How many properties actually sold in Berlin during the first half of 2020?
Aktualisiert: 12. Nov 2020
I always keep an eye on the developments of the Real Estate Markets in different regions. One thing I have noticed is that all predictions and sales forecast always focus on the properties on offer and their respecting offer prices. None of the available reports and forecasts actually take into account the amount the properties have indeed sold for.
Sometimes asking and selling prices can vary hugely. I therefore believe that looking at the actual sales price, provides a much better overview of the current market situation than looking at just the offer prices.
The Berlin Advisory Committee (Gutachterausschuss für Grundstückswerte in Berlin) provides a half yearly overview of actual property sales taken from real notary figures. I have had a look at this report and focused on the apartment sales for the Berlin area and have come to the following conclusion:
Overall, the sales dynamic on the Berlin real estate market has flattened. A very severe impact on sales can be seen in the residential and commercial building sector, which fell by 34%. I would suggest that two main reasons for this: the uncertainty caused by the rental cap (Mietendeckel) and the low supply of real estate. Furthermore, the supply (at “pre-Corona level”) and demand (pricing after the rental cap and crisis discount) were too far apart.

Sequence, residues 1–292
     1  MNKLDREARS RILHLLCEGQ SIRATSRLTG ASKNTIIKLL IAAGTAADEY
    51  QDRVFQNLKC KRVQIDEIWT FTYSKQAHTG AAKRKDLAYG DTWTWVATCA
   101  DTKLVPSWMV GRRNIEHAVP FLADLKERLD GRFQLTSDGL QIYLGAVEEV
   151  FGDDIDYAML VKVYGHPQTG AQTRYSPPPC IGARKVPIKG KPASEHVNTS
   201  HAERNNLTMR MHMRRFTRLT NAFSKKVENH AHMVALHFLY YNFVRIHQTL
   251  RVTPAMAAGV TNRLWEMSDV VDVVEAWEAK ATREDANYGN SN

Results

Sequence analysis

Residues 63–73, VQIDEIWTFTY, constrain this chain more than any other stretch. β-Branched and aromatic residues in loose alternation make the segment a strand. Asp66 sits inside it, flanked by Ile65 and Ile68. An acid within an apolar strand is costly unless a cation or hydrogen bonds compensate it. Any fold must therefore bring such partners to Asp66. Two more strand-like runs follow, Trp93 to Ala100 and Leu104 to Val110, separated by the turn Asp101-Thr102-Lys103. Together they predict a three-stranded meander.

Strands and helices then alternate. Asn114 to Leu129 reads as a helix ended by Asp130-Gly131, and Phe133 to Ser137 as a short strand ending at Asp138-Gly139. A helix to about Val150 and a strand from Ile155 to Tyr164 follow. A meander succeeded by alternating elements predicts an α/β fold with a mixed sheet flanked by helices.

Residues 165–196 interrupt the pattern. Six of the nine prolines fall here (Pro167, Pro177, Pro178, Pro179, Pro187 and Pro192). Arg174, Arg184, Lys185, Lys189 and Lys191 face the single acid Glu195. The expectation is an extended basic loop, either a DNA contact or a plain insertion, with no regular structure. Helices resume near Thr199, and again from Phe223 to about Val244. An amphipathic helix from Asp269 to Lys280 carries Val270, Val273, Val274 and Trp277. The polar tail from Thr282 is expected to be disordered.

In the first half of 2020, there were 21% fewer sales cases of apartments than in the same period of the previous year. The trend of recent years is therefore continuing. Instead of 8,171 purchases, 6,489 purchases were still registered in the first half of 2020 even during Corona times.
The relatively stable real estate prices at a high price level, even during a pandemic, are a clear sign of a robust real estate market in Berlin with sustainable demand.
The monetary turnover in the first half of 2020 in the apartment submarket fell by 15% only. This meant that fewer apartments were sold but at a higher price level. The resulting price increase is 6%.
The development between rented and vacant apartments shows no significant differences in the first half of the year.
However, there are indications that supply and demand are drifting apart. In my opinion, rental caps, sharply increased prices and Corona have led to the decline in sales in the apartment submarket on the Berlin real estate market.
I totally agree with the expert opinions that with the end of the pandemic and due to the ongoing demand, there will be further increases in sales and moderate price increases in this sub-segment in Berlin
You can find the full report here.